I wonder if you know the story in the bible about Lot’s wife? With her husband and children she was rescued from the town of Sodom, and told not to look back as Sodom and Gomorrah were being destroyed. But she did look back and was turned into a pillar of salt. A Sunday school teacher was telling the children this (rather horrific!) story and one child piped up: “My mum was driving to Sainsburys yesterday and she turned into a tree!”
Jokes and scary bible stories aside, we do well to look back. Soren Kierkegaard, the Danish philosopher, said: “Life can only be understood backwards but it must be lived forwards.”
Towards the end of the day is a great time to spend a few minutes reflecting on the day, replaying the parts we can remember. I often understand things better looking back, playing the scenes over in my mind, and sometimes notice things I haven’t noticed during the day.
I might recall that Gerald was unusually preoccupied when we met, or wonder why Jenny wasn’t at her desk, or suddenly realise what I’d said to Chris on the phone that made him so frosty. It’s a good thing to do as a regular way of prayer – reflecting on the day with God, thanking him, asking help, praying for people I’ve met and noting tasks to do – like saying sorry!
It’s the same only bigger looking back on a year. Reflecting on what I’ve made time for, what or who I’ve neglected, how much holiday or retreat time I’ve taken, how much I’m drinking, how much I’ve given to charity – all in all a sort of (gentle!) audit.
And it’s the looking back, the real experience of life, that helps us look forward and know we can live a bit differently, think about changing jobs, spend more time with children, go to the gym, use up less of the planet’s resources…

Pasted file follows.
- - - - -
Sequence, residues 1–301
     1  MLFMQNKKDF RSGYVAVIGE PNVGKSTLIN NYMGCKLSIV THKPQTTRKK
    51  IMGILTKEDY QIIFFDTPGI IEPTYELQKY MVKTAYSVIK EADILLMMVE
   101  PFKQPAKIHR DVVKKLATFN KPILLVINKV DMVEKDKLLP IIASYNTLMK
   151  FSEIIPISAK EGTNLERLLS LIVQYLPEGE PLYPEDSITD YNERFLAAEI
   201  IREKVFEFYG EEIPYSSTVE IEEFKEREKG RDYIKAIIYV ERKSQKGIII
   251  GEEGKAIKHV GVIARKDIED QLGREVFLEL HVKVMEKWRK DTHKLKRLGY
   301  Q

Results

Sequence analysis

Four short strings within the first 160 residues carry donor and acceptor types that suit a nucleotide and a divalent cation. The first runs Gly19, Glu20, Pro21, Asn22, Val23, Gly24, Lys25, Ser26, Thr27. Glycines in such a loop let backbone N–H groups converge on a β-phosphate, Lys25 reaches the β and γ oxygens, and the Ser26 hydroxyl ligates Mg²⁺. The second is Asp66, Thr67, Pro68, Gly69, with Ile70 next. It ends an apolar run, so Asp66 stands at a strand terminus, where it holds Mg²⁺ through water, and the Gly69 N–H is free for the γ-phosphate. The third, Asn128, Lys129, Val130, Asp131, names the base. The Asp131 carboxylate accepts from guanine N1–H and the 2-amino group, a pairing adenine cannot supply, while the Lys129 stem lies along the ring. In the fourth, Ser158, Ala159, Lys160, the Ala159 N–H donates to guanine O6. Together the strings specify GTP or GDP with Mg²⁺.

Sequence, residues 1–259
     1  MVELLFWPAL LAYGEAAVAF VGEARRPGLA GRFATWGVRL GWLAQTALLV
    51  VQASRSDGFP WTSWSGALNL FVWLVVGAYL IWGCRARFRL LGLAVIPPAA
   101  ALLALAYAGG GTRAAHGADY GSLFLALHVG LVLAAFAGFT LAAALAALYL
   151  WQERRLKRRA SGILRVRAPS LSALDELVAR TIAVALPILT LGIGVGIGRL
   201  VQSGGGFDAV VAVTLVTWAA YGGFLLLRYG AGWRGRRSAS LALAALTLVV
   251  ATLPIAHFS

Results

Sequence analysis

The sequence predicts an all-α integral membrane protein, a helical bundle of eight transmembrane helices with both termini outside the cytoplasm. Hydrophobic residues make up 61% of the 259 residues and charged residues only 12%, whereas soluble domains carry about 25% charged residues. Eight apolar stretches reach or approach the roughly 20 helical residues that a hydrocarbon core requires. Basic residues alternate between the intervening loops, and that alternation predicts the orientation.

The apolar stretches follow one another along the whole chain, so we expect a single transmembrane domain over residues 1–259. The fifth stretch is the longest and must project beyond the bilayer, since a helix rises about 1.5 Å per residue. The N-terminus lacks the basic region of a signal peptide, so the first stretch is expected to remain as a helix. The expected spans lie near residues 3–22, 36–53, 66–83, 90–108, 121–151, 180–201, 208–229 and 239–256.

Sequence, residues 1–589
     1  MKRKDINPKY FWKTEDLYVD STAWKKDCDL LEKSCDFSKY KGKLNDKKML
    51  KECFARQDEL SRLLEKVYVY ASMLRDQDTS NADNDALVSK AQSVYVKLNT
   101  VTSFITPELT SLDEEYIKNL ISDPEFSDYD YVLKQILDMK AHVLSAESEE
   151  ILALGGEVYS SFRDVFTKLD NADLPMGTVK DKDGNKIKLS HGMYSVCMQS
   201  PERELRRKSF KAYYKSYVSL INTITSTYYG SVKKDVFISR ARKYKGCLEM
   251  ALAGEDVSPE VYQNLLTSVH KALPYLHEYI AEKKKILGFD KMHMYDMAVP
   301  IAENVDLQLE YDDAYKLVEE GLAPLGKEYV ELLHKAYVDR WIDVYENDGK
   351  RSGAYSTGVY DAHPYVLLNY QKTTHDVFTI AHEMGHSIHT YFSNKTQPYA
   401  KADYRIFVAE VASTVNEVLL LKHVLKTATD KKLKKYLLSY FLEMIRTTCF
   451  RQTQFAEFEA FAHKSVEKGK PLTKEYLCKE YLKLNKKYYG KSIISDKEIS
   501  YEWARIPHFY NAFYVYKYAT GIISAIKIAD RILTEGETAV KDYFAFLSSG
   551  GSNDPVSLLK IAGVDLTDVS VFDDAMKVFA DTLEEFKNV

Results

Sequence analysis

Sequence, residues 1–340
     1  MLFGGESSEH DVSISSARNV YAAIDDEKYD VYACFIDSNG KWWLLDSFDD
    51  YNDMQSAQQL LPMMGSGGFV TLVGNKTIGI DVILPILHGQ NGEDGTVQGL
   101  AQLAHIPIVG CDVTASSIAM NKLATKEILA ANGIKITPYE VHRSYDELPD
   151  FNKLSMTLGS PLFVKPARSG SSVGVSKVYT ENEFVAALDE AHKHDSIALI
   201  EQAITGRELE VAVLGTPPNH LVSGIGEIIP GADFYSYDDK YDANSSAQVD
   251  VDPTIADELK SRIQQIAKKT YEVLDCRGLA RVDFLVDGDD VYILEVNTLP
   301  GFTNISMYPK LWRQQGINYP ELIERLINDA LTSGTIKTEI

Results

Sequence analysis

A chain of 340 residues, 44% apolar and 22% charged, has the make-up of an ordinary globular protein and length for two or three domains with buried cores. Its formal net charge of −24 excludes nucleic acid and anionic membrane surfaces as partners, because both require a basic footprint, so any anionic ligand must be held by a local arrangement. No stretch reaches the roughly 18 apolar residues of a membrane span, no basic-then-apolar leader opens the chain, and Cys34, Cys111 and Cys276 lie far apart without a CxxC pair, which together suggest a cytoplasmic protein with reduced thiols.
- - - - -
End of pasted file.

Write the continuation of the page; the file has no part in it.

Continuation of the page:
We are constantly having to ‘move on’. We’re growing up, leaving school, learning to live independently, in a new job, a new relationship, we’ve become parents (again), we’re learning to live with limited mobility or without a loved one by our side. Life always comes as a package, some of which we shape and some of which simply happens to us.
I think experience teaches us (mostly!) that we are far stronger than we think we are; we cope with situations that we would have found it hard to contemplate. We have deep resources. God has given us deep resources, not least that he walks alongside us and gives us one another.
I think experience teaches us that we can embrace the new things, and the gradually changing things, in life, with hope and trust in the good purposes of God. Our package of life will contain some hard things, and will bring us into some seriously hard times, but St Paul gives some good advice to the Christians in Philippi:
Do not be anxious about anything, but in every situation, by prayer and petition, with thanksgiving, present your requests to God, and the peace of God, which transcends all understanding, will guard your hearts and minds in Christ Jesus.
Paul goes on to urge us to fill our minds with whatever is true, noble, right, pure, lovely and admirable… That is probably the best way to a happy new year for each of us and the people who live with us.
As Dag Hammarskjold famously said: “For all that has been – thanks. For all that will be – yes.”